Sincerely,
        KyohakuKeisanki, Forever Anonymous (my mom would [not literally] kill me if she knew I wrote this)

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  7. I did get to play on that helicopter of death, as did my father. I really wish my child would have had the chance to do so too! I couldn’t agree more – all the litigation non-sense has had huge contributions to the obesity issue. For crying out loud, how else is a kid supposed to learn about physics!

    I remember having to jump on that thing as the big kids were spinning it faster and faster. I remember missing more than once, and winding up in the sand below. You just got up, dusted yourself off, climbed back up the wall, and tried again! No wonder today’s kids are so dang whiny. Not only are they bored and sedentary, they are not being taught patience to “try, try again” because of not being allowed to play on challenging equipment. Sooo many lessons in that one play structure alone.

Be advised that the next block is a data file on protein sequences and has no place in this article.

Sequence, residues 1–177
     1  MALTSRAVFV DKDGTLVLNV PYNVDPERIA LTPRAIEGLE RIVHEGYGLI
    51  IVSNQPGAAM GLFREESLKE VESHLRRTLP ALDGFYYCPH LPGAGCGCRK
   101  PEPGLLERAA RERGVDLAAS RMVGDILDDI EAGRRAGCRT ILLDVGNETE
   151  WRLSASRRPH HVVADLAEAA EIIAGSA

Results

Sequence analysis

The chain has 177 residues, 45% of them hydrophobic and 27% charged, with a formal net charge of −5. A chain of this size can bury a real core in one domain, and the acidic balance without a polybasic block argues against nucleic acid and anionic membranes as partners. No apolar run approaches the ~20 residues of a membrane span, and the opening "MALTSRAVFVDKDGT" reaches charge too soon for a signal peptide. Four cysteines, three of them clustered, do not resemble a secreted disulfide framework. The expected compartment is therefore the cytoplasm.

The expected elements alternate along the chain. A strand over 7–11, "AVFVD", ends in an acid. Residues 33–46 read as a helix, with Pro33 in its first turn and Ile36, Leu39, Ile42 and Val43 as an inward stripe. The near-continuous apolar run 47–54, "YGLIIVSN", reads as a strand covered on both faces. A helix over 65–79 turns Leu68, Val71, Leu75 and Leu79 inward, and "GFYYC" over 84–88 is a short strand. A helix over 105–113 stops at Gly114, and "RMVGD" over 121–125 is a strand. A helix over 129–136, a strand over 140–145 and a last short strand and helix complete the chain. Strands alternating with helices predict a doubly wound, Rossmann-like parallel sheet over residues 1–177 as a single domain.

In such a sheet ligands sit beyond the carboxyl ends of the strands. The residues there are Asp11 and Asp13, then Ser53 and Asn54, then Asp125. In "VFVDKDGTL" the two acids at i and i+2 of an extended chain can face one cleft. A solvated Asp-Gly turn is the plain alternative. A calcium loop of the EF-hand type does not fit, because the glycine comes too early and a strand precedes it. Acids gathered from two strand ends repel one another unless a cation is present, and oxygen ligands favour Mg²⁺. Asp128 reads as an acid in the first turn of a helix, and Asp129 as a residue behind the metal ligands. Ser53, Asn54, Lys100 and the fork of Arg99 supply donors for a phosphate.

I’m going through a lot of my dad’s old photos now – I’m hoping to find more of the park pre-1988 to add to the fb page! :)

    • Thanks so much Tina for sharing some of your memories of the helicopter of death. Not too many pieces of equipment like that in playgrounds these days. In North America, they’re probably extinct. Would you be kind enough to drop us another comment whe you get the new photos posted? Cheers, Alex